In general, the actual build files will not be hit too frequently (unless one gets really popular), so Id rather pay less for storing this data. In either case, I could put them behind the same CDN as the application files to increase performance and decrease actual hits to the file.
Now in the previous section, I mentioned putting the app files behind CloudFront CDN. A CDN is a service that distributes static pages to various endpoints throughout the world. This results in decreased latency when a user hits those pages.
Using the combination of CloudFront & S3, I can not only optimize performance for my users, but also add my own domain name & acquire a free SSL certificate using Amazon Certificate Manager (ACM).
I can also setup some pretty fancy routing rules, which I end up doing when implementing social opengraph meta info. More on that in a later entry.
Lightsail was one of those new services I wanted to try out. From my understanding, it lets you setup databases, servers, and containers at a fixed price in AWS. I'd worked with EC2, which is the server platform in AWS, so this was quote similar.
Essentially I just had a Linux server that would run the API written in Go. Go was also another thing I wanted out of this project. I hadn't built a real world project with Go up 'til this point. When a Go app is compiled, it produces a native executable binary that can run on the same platform it was built on. So I ended up writing a Systemd Unit file to manage & run the service when the server starts. This was also something I hadn't done before, so it was a neat learning experience.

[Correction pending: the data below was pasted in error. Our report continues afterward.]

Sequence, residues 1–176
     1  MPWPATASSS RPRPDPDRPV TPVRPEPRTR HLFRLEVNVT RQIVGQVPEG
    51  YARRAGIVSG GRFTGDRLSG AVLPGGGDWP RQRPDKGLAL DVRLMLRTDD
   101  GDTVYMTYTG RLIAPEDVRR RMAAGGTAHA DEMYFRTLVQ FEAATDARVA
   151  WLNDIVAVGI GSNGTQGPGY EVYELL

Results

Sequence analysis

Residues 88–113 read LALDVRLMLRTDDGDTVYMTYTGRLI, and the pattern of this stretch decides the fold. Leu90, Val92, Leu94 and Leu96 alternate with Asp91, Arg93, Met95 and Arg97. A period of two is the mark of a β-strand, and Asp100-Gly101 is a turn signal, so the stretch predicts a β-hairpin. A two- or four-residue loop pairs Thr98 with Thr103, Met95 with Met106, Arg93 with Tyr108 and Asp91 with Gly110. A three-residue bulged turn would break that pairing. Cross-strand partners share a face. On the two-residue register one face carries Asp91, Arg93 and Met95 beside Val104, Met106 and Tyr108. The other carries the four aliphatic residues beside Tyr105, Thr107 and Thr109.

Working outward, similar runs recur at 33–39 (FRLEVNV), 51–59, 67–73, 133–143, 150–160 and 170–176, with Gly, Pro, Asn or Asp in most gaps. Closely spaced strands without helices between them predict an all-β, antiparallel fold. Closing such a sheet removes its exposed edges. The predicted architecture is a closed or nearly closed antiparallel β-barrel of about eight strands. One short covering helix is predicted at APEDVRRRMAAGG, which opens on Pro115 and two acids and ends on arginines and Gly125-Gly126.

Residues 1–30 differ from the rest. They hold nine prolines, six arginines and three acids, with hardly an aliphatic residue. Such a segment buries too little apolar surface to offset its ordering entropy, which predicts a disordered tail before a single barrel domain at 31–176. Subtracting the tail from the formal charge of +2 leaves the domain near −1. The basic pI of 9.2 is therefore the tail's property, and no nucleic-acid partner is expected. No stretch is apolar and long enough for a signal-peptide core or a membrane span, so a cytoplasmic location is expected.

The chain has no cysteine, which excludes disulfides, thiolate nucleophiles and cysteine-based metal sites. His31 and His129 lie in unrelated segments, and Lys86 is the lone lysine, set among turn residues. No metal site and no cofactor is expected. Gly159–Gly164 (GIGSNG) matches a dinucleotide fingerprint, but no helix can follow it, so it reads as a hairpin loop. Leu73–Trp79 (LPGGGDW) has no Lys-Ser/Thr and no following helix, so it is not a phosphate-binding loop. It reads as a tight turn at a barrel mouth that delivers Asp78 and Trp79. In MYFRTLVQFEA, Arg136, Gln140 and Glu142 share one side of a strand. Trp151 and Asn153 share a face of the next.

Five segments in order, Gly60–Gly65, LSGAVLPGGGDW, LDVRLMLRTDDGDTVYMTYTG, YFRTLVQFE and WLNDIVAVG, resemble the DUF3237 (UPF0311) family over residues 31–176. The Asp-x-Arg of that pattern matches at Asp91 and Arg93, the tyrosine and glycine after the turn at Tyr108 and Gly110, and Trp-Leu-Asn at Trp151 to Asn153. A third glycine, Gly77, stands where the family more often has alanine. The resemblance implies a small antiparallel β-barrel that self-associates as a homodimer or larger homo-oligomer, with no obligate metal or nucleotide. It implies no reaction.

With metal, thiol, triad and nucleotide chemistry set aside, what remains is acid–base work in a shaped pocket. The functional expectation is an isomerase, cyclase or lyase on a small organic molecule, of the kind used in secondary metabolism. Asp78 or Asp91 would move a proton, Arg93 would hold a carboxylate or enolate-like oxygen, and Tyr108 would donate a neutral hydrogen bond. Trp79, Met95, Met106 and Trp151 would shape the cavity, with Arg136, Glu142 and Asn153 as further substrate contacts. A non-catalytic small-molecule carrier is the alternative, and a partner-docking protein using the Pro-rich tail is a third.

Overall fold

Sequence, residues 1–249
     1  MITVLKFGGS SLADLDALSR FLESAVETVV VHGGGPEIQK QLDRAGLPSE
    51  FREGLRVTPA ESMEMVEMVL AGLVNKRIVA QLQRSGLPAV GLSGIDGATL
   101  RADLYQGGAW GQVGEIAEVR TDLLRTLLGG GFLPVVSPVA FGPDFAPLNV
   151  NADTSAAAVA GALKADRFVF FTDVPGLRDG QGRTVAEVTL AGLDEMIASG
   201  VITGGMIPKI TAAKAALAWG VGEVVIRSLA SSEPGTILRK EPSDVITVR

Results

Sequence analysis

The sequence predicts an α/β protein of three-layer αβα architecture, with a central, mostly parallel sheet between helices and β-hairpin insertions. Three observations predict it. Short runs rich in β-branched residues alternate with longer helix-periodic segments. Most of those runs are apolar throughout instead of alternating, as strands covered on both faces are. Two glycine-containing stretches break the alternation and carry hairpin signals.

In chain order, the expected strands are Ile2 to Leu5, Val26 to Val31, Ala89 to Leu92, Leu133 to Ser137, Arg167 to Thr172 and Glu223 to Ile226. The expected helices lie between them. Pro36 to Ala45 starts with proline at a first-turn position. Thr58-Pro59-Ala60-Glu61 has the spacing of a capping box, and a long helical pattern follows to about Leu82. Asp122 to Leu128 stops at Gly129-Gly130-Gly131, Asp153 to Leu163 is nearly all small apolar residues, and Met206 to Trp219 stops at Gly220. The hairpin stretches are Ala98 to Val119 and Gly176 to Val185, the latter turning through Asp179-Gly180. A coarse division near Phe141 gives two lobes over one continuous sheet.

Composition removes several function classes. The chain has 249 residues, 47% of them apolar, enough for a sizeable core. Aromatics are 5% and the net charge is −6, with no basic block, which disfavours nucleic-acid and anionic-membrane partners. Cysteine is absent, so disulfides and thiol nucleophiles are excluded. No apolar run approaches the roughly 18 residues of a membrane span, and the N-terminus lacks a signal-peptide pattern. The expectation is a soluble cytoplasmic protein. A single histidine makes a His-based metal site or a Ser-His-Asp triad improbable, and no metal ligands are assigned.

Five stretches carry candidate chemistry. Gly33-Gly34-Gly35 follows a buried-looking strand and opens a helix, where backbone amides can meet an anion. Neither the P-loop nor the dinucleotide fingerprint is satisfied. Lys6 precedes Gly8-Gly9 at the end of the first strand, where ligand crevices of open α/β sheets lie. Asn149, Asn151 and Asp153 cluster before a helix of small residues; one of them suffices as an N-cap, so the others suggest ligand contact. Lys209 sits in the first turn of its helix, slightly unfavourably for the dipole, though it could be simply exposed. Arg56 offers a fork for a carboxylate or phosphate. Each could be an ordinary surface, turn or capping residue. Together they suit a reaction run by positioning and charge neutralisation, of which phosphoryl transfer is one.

Now API Gateway was a pretty late addition to my infrastructure. The main reason (and its not a good one) was to add SSL to my API. This was admittedly just a band-aid instead of a permanent solution. I wanted to buy myself some time to figure out how I wanted to secure the API properly.
API Gateway acts as an API management platform in AWS. So you get one URL and you can route requests to other URLs or services within AWS. I actually decided to leave API Gateway in the diagram because it becomes much more important later on.
Code Storage, Project Management & Continuous Deployment
The final pieces of this puzzle are less about the infrastructure and more about managing things. While the obvious thought would be GitHub, I've been a huge fan of Azure DevOps for years. Name aside, it actually has very little to do with Azure.
Ultimately this is personal preference. I like the UI in Azure DevOps, the more advanced project management tools, and the better ability to create pipelines for deploying and managing builds.
Azure DevOps has built in support for sprints & breaking down work items into features or epics if needed.
Now if I want to somehow link a commit to a work item, all I have to do is include the task number in the commit message and I can trace my comments to whatever tasks I have.
Finally I can control my builds/deployments using their Pipelines feature. Pipelines is essentially a glorified task runner. I can pick from predefined step templates, or just write my own scripts to run at certain parts of the process (which I generally lean towards).
Working on GuardianForge has helped me learn a bunch of interesting little tidbits that I didn't know before. I plan to identify some of the features of GuardianForge and create articles & videos on them, as well as overcoming some issues, in the near future. Happy coding!